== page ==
Diana Marszalek 18 Mar 2020 // 5:35AM GMT
NEW YORK — As the coronavirus crisis sends business reeling, communicators are emerging as key players in formulating companies’ responses to the pandemic, according to research from the Institute for Public Relations and Peppercomm.
The survey of 300 comms leaders found 81% of comms functions are “important” or “very important” to their companies’ handling of the COVID-19 crisis, which includes steps businesses are taking to fight the disease and the surrounding panic.
They are also tasked with distributing that information both inside and outside the company walls, the survey found.
75% of respondents said their comms function was “very involved” in communicating internally, versus 58% said they were “very involved” externally. That is in keeping with another survey finding: 81% of communications leaders see employees as a top priority, spurring moves from increased communications to improved sanitation and health practices.
Despite the unprecedented nature of the coronavirus outbreak, more than half of respondents had some insight into managing a health crisis, as 57% said their crisis communications plan specifically covers an infectious disease outbreak.
Nonetheless, most companies were not truly prepared for a crisis of this magnitude. Only 30% of survey participants said their organization was “very” prepared for COVID-19, while 55% said they were “somewhat” prepared; 41% said their communications function was “very” prepared while 46% said they were “somewhat” prepared. Another 3% said their organization or communication group was “not prepared at all.”
When it comes to getting information, communicators are relying on experts from health organizations such as the World Health Organizations and individual countries’ federal agencies such as the Centers for Disease Control and Prevention, and National Health Service. Nearly three-quarters of respondents said those sorts of agencies are their most trusted source of information.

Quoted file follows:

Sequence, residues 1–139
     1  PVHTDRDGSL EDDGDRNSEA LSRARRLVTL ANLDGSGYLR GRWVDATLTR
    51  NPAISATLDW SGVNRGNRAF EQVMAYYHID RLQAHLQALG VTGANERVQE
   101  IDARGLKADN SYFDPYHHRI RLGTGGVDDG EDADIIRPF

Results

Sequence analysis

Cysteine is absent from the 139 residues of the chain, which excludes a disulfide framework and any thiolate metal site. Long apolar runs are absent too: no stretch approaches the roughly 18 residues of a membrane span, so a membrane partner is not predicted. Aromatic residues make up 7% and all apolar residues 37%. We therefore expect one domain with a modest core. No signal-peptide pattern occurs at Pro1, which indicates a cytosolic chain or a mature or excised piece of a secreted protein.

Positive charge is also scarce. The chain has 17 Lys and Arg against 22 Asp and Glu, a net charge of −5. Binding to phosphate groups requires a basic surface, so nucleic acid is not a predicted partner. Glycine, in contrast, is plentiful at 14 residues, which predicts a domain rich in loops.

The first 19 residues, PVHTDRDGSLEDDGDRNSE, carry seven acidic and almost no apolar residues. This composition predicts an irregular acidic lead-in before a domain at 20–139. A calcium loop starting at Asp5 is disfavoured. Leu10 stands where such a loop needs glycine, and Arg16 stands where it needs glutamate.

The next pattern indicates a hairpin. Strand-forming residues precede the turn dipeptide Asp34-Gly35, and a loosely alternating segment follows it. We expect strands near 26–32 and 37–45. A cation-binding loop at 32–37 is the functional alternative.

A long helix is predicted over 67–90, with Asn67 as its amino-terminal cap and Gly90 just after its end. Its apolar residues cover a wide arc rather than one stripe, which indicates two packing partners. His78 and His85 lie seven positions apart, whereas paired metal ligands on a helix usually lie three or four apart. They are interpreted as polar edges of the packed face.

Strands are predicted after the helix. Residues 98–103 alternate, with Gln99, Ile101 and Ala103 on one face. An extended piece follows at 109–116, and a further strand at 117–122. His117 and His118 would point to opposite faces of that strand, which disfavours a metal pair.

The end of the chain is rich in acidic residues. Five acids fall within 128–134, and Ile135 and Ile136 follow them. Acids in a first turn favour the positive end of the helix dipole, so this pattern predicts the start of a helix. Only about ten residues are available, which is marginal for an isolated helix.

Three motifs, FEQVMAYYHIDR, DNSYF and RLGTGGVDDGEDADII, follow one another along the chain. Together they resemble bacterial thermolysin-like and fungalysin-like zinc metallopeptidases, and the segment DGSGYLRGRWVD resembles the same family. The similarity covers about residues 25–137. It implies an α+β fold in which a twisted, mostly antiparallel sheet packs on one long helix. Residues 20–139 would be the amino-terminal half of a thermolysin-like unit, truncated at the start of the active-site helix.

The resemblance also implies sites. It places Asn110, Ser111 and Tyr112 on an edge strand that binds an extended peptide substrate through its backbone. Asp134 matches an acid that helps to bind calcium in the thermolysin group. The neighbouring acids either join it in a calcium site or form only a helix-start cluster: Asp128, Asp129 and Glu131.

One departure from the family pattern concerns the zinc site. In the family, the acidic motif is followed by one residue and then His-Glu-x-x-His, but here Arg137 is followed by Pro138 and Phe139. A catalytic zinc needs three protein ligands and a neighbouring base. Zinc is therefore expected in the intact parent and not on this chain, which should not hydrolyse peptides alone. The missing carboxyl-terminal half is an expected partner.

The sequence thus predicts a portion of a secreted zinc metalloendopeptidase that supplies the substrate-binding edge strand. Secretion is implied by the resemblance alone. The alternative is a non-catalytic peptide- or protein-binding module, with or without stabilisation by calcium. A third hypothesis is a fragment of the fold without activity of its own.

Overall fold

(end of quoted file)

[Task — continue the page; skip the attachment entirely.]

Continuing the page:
National leaders like presidents and prime ministers, however, ranked among the least credible sources of information, with 56% of respondents saying they had little or no trust in them. 81% felt that way about social media.
The IPR/Peppercomm report is the latest in a spate of studies looking at how business is responding to the coronavirus, particularly when it comes to communications — all of which point to an increased onus on business to step up as leaders, particularly around employees needs and concerns, at this time of crisis.
A G&S Business Communications study, for instance, explored the expectations Americans have of their employers, including allowing employees to work from home, sharing coronavirus policies and even shutting down operations. Most say they are satisfied with how corporations are responding to the outbreak — nearly three-quarters of Americans, 74%.
They also expect transparency. 46% of Americans say their perception of a company would not change if one of its employees had coronavirus. However, 72% would have a more negative perception of a company if it did not disclose to the public that an employee has coronavirus.
Some companies are communicating with employees more often than others, but most employed Americans are satisfied with the level of communications they are currently receiving from their employer, the survey of 1,009 adults found.
On Monday, Edelman released a special Trust Barometer report that also found people turning to employers for credible information on the coronavirus. 63% of respondents said that they believe coronavirus information provided by their employers after seeing it once or twice, versus a government website (58%), a health company website (56%), traditional media (51%) and social media (28%).